India: Jaish chief Masood Azhar secretly released from Pakistan jail: Intelligence report

(THIS ARTICLE IS COURTESY OF THE HINDUSTAN TIMES OF INDIA)

 

Jaish chief Masood Azhar secretly released from Pakistan jail: Intelligence report

According to an intelligence input, Pakistan has released Jaish-e-Mohammed chief Masood Azhar to carry out terror attacks.There are also reports of a Pakistan plan to carry out a “big action” in Sialkot-Jammu and Rajasthan sectors in the coming days.

INDIA Updated: Sep 09, 2019 09:43 IST

Neeraj Chauhan
Neeraj Chauhan

Hindustan Times, New Delhi
Jaish-e-Mohammed (JeM) chief Maulana Masood Azhar
Jaish-e-Mohammed (JeM) chief Maulana Masood Azhar(AFP file photo)

The Intelligence Bureau (IB) has alerted the government about the deployment of additional Pakistani troopers along the border near Rajasthan and said Islamabad has released Jaish-e-Mohammed chief Masood Azhar to carry out terror attacks, according to two officials aware of the developments. HT has also accessed an input issued in this regard.

According to the input, Pakistan is planning “big action” in Sialkot-Jammu and Rajasthan sectors in the coming days in response to the government’s move to revoke Article 370 that gave Jammu and Kashmir some autonomy and prevented non-residents from buying property and getting government jobs in the state. The input warned that Pakistan has started deploying additional troops near the Rajasthan border as part of the plan.

The input has been conveyed to the respective Border Security Force and army field formations in Jammu and Rajasthan sectors “to avoid any surprises” from the Pakistani army and the troops have been asked to remain alert, the officials cited above said.

Pakistan Prime Minister Imran Khan on Friday threatened “fullest possible response” to India’s moves in Jammu and Kashmir. Khan added the global community would be responsible for any “catastrophic” aftermath as he continued his rhetoric amid rising tensions with New Delhi since the government abrogated Article 370 and bifurcated Jammu and Kashmir into two Union Territories.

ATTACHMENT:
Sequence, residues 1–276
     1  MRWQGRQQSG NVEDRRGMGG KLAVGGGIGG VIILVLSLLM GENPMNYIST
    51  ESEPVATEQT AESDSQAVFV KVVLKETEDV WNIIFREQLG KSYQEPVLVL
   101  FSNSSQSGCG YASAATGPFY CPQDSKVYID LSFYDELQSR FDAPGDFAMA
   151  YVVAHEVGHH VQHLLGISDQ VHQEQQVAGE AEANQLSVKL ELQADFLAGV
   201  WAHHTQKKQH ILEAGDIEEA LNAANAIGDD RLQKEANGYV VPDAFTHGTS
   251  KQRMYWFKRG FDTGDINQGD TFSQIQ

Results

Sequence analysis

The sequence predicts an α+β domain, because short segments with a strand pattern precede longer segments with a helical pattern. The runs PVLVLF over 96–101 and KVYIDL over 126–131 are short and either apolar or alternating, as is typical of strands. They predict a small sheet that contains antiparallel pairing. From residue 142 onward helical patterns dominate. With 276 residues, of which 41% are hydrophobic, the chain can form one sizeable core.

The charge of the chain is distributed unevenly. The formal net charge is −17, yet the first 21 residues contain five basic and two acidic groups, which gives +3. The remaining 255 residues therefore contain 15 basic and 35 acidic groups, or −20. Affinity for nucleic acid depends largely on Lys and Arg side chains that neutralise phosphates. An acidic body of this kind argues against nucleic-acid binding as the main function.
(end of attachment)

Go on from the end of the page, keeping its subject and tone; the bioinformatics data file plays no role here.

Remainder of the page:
The comments by Khan, who last week said there was a risk of India-Pakistan war, came on a day Pakistani army chief General Qamar Javed Bajwa said they were prepared to “go till any extent”. Bajwa added they were ready to “give sacrifices for our Kashmiri brothers, fulfil our duty till the last bullet, last soldiers and last breath”.

Amid rising tensions between the two countries, the IB input said Pakistan has “secretly” released Jaish-e-Mohammed (JeM) chief Maulana Masood Azhar to plan terrorist operations while other terror organisations were also working openly. There were uncorroborated reports after the February 14 car bomb attack in Jammu and Kashmir’s Pulwama that Pakistani agencies had taken Azhar into protective custody.

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JeM took responsibility for the attack in which 40 paramilitary troopers were killed and prompted India to carry airstrikes on the group’s camp in Pakistan’s Balakot on February 26.

One of the officials cited above said Pakistan’s spy agency, Inter-Services Intelligence (ISI), had no inkling that the Indian government would revoke Article 370 on August 5. “It is being considered the ISI’s biggest intelligence failure in history and now they are under pressure to act,’’ the official said on condition of anonymity.

The official added while the Pakistani army will try to play mischief, militants like Azhar have been unleashed to carry out terror attacks in India. “Pakistan may try to use the current situation and the Indian government’s focus in Jammu and Kashmir to target somewhere else.”

Azhar, who is wanted in India for several attacks, including the 2016 Pathankot airbase attack, was among four people declared as individual terrorists on August 4 under a new anti-terror law passed in August.

In an interaction with journalists on Saturday, national security adviser Ajit Doval said Pakistan is trying to create trouble and some 230 terrorists have been spotted across the border.

There have been sporadic skirmishes along the India-Pakistan border since August 5. Army chief General Bipin Rawat told HT last week that Pakistan has reopened terror training camps and attempted to push infiltrators. He said that the Indian Army is ready for any eventuality.

Internal security expert Ajay Sahni said Pakistan sees the abrogation of Article 370 as a provocation and has to be seen doing something about it, saying: “Also, Pakistan is under tremendous pressure from the international community over terrorism, failing the FATF [Financial Action Task Force] yardsticks, the economic situation, and others, which are limiting its capacity to respond. It is difficult to predict how Pakistan will respond.” Sahni, however, cautioned against taking all the IB inputs at face value.

First Published: Sep 09, 2019 05:27 IST

Pakistan Rules Out Giving Convicted To Death Indian “Spy” Any Of His Legal Rights

(THIS ARTICLE IS COURTESY OF THE HINDUSTAN TIMES)